Why Viewers Are Drawn to Renaissance Artists’ Go-To Pose

A new study finds that the contrapposto stance reduces the waist-to-hip ratio, an attribute popularly associated with attractiveness

Birth of Venus
Sandro Botticelli's "Birth of Venus" finds its subject striking a contrapposto pose Public domain

A new study published in the journal Archives of Sexual Behavior suggests artists have long known a simple trick for improving sitters’ attractiveness: Just have them pose with their weight shifted to one foot.

This stance—called contrapposto—should be familiar to anyone who has seen Botticelli’s Birth of Venus, the Venus de Milo or Michelangelo’s David. As artnet News’ Taylor Dafoe explains, contrapposto finds subjects placing their weight on one leg to create a slight bend between the hips and waist. (Invented by the ancient Greeks, the pose represents “one of the first examples of artists imbuing into facsimiles of the human figure a sense of movement and emotion.”) Tilting the torso slightly and ensuring one’s arms and shoulders do not run parallel to the hips lowers the waist-to-hip ratio, or WHR, producing a curvy hourglass shape.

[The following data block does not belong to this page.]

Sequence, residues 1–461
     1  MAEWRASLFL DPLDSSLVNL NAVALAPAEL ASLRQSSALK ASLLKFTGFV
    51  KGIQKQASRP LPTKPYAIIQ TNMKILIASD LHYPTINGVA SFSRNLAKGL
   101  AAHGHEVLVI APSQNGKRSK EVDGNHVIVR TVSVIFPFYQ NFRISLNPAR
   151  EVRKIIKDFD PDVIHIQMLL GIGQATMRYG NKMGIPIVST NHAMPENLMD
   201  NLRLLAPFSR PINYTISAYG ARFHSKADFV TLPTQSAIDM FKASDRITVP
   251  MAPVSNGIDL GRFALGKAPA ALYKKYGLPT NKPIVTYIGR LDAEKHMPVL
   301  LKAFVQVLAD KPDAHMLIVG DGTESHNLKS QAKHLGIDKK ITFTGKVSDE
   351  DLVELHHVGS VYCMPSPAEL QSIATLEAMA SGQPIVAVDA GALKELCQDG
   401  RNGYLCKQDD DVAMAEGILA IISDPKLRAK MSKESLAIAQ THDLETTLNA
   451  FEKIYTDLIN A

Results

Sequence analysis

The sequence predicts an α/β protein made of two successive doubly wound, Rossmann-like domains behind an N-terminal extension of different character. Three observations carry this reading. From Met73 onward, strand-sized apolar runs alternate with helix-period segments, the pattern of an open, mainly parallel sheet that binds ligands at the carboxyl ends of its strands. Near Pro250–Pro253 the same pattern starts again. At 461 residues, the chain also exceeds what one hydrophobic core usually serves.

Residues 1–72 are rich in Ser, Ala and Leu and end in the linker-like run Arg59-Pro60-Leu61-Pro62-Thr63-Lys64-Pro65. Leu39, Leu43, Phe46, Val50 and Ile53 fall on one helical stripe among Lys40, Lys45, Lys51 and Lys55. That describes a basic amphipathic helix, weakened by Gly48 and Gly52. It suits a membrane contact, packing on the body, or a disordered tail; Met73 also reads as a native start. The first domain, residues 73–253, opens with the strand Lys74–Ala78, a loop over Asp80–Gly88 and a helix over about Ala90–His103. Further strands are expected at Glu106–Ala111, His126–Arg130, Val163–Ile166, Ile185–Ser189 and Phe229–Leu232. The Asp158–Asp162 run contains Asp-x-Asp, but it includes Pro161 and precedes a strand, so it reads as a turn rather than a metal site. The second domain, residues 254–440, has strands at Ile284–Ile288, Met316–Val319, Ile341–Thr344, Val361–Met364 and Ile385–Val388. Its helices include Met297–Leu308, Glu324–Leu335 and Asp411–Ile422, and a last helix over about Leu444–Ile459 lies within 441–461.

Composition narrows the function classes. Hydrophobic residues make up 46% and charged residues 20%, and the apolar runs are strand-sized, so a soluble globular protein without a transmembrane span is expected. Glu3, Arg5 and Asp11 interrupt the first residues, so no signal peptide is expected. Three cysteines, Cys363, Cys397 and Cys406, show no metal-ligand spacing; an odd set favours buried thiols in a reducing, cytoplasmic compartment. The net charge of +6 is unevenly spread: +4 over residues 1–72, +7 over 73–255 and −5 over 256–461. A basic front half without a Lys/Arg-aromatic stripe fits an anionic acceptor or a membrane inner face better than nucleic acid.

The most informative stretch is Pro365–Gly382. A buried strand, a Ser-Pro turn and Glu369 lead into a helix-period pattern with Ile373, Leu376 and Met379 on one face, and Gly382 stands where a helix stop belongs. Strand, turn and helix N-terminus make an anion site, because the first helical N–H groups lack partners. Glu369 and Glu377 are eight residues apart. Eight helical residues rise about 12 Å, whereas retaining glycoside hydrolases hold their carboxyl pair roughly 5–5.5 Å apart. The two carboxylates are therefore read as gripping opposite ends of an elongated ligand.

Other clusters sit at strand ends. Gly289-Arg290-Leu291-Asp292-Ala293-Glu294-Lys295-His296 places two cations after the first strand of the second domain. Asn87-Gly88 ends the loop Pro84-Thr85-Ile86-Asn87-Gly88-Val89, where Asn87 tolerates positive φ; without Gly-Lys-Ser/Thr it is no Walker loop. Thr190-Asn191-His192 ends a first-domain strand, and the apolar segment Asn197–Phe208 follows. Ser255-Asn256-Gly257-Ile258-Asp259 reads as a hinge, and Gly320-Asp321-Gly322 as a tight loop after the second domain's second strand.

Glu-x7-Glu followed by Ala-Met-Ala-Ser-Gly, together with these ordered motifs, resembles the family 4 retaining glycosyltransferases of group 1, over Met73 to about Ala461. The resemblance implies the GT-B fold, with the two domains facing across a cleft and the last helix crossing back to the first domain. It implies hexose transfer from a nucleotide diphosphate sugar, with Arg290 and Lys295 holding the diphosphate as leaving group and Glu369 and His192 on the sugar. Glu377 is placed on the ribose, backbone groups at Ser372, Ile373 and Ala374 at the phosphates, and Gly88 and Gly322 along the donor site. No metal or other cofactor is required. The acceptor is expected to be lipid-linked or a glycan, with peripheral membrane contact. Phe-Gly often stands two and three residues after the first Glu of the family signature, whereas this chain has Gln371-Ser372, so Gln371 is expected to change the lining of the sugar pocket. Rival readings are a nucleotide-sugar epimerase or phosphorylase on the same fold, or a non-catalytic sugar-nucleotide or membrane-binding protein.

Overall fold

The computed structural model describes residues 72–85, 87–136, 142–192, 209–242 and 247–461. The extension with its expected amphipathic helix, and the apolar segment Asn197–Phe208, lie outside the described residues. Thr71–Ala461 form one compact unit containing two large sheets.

To assess the stance’s appeal, researchers led by Farid Pazhoohi, a psychologist at the University of British Columbia, created 3-D avatars of women standing up straight or in contrapposto. The team showed these avatars, cropped from the shoulders to the knee, to 25 heterosexual male students and 43 heterosexual females. Overall, Nicola Davis reports for the Guardian, subjects of both genders rated the contrapposto figures most attractive. On average, men were more likely than women to deem the collection of images appealing.

Eye-tracking data obtained by the scientists revealed men and women spent the same amount of time looking at the standing-up-straight avatar’s left versus right sides. But when it came to the contrapposto avatars, subjects lingered on the side with the slight bend—in other words, where the distance between the hips and waist was smallest.

Speaking with Davis, Pazhoohi says artists have long understood the power of contrapposto: “We think that artists … intuitively figured out that this posture is more attractive, and applied it in their artistic endeavors.”

As Dafoe points out, the study did not assess whether men striking a contrapposto pose would be considered as “visually pleasing” as women who did so. The researchers also did not delve into the question of whether preference for the pose is based on centuries of cultural conditioning or biological predisposition—some studies suggest a low WHR correlates with high fertility and fecundity, Psychology Today’s Nathan Lents notes, but “attempts to establish this relationship have [yielded] murky results.”

Pazhoohi, a leading body language expert who has previously studied the appeal of arched backs and inward-facing toes, tells Davis, “When models [walk on the] catwalk or dancers do belly dancing, they try to appear frequently in exaggerated contrapposto body forms.”

He adds, “Similarly, when women walk [in] high heels, it helps accentuate the contrapposto form.”

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